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Stories from the Islands of the Sun

#1 User is offline   Talashar 

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Posted 28 October 2011 - 06:26 PM

The Islands of the Sun have long ago been drowned beneath the water and their inhabitants fled here and there across the world, but by good fortune some of the stories that were told in those islands have survived. These are the stories of the Latoirn who hunted horses with spear and arrow, and of the Ghadari who built towns of stone and magic.

Needless to say, I do not necessarily endorse whatever morals may be drawn in the course of these stories. They are “secondary fiction”, fictions told within a fictional world, and are meant to cast light on the people of the islands. And, ideally, to entertain readers…

1. The Stranger
(A story that the famous wanderers Ebrinn and Lrento’ were told when they stayed with the Jobainnam tribe.)

We are the free sons of the earth. We emerged from the womb of the earth and she spread her hands to make rivers for us. The Father of Deer gave his children for us to chase, and the Pirbognar traded their fish for the most beautiful of our daughters. These islands were given to us by the gods and will be ours forever.

A stranger from another tribe visited us in the time of my grandfather’s grandfather, asking for food and shelter. He spoke in a strange fashion and said that his family had been killed by a griffin. But he had not a single wound upon him.

When I speak of strangers, do not imagine that I mean to cast any shadow on you. Your sword makes you a member of every tribe, honored wherever word of you has spread.

This stranger was eager to help with the tasks of the tribe. He was strong and able, and all the women paused in their work when he passed by, so handsome was he. In time he took one of them to wife, a lovely woman named Pearl, and they lived together peacefully so that it seemed that harmony prevailed in the souls of all.

But Pearl was inquisitive as well as lovely, and she noticed that on every fifth night her husband would not lie at her side but instead go out wandering in the light of the stars, and for a time he would pass out of her sight. This puzzled her, but she was worried that she would offend him if she asked about it, so she said nothing. Strange things continued to happen in the tribe. Pearl’s father’s favorite dog ran away, stores of meat disappeared, and there were few horses to be found for miles around the camp. So we met together to discuss the problems and decide what could be done about it.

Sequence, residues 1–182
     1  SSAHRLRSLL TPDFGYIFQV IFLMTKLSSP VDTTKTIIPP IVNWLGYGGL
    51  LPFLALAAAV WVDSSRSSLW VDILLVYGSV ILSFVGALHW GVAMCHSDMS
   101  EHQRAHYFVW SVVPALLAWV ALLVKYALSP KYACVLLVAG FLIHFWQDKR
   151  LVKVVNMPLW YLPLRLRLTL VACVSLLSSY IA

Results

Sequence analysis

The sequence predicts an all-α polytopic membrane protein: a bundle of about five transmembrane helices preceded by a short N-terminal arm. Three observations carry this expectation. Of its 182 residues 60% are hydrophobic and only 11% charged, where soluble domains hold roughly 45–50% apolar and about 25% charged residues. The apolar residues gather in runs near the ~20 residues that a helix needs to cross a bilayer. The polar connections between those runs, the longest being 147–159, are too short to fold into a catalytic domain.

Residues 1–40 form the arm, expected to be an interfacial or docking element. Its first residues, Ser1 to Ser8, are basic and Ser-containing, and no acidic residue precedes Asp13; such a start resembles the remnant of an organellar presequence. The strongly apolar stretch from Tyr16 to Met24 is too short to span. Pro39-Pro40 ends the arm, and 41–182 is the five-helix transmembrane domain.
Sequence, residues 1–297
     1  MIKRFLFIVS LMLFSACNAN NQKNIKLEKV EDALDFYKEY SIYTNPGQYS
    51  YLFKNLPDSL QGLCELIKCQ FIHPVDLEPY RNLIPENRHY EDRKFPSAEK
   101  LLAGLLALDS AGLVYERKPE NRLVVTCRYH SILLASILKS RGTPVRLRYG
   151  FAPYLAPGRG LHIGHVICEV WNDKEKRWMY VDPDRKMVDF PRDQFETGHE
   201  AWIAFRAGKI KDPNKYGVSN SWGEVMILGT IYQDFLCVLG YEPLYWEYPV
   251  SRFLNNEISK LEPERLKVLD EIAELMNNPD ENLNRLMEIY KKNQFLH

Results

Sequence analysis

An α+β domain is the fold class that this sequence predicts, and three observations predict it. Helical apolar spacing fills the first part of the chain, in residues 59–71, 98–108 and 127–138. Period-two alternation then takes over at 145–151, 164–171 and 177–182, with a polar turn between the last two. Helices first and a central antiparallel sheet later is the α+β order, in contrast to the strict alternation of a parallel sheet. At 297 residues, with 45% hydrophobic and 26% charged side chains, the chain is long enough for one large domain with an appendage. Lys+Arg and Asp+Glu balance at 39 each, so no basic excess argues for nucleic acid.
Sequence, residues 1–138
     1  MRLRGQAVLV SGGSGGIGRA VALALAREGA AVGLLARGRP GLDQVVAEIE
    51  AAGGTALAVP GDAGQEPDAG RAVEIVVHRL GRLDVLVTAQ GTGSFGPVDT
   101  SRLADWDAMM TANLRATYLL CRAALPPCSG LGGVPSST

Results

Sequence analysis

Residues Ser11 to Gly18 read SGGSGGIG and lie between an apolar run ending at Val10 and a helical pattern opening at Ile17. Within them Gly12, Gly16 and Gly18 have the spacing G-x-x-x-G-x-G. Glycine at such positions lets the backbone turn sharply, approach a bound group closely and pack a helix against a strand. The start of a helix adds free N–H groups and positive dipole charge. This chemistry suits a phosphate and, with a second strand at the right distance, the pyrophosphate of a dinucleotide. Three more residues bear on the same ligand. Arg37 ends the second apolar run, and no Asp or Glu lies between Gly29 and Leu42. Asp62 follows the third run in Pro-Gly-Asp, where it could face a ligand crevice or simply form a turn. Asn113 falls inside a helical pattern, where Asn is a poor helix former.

Throughout our debate the stranger was silent, but smiled to himself, and his mouth would spread wider than a normal man’s should. Not like the wide-faced Ghadari, mind you, but a smile that wrapped around the sides of his face. Now in those days we were wiser than we are now, and the stranger’s peculiarities were quickly noticed. Again and again Pearl was about to say what she knew, but time after time the stranger would give her a dark look to keep her quiet.

In her cunning soul Pearl wove a plan to ensnare her husband and discover the truth of his deeds. On the night when she expected him to leave again, she tied a string to his ankle and pretended to be asleep, until the string was tugged out of her hand and she rose silently and followed her husband.

He stalked through the darkness, and as he walked he seemed to grow in size, his arms spread out like wings, and his nose bent and curved into a great beak. He turned to face Pearl, and she saw that he had become a griffin, towering over her and staring down with cold hungry eyes. “Why have you spied on me, woman?”

“I was wondering if you were hungry,” said Pearl quickly.

The griffin laughed. “That is kind of you. But I already have a meal prepared. Go back to sleep.”

Pearl bowed her head and pretended to obey, but she continued to watch the griffin as it stalked down to the river and drank, then passed through the water and disappeared over the hill on the other side. Immediately she ran back to her hut and on her mattress she placed a bundle of nets shaped to resemble her body, and stuck a spear through it. Then she hid herself behind the back of the hut and waited for her husband to return.

I don’t know whether she fell asleep there or if she remained awake, silent and watching, until a loud screech jolted her. She ran around into the hut and found the griffin pierced through by the spear inside the hut, its innards spilling into the dirt. And then she went outside and proclaimed to all the tribe her victory over the griffin that had taken the shape of a man.

So we all must watch for those who would enter our families in guises we trust, for those who are from outside carry strange thoughts and do strange things, and to invite them in is to invite peril.

You excepted, of course.

#2 User is offline   Gehn, lord of ages 

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Posted 28 October 2011 - 09:02 PM

I like the nice aesop at the end of that one.

How many stories do you have (or plan on having)? I like the short simple style.

#3 User is offline   Talashar 

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Posted 29 October 2011 - 10:23 AM

I plan to do seven or eight. The update schedule will be irregular: these first two are the only ones I've finished so far.

2. Slayer of Peace
(A story of the Terr’eil tribe.)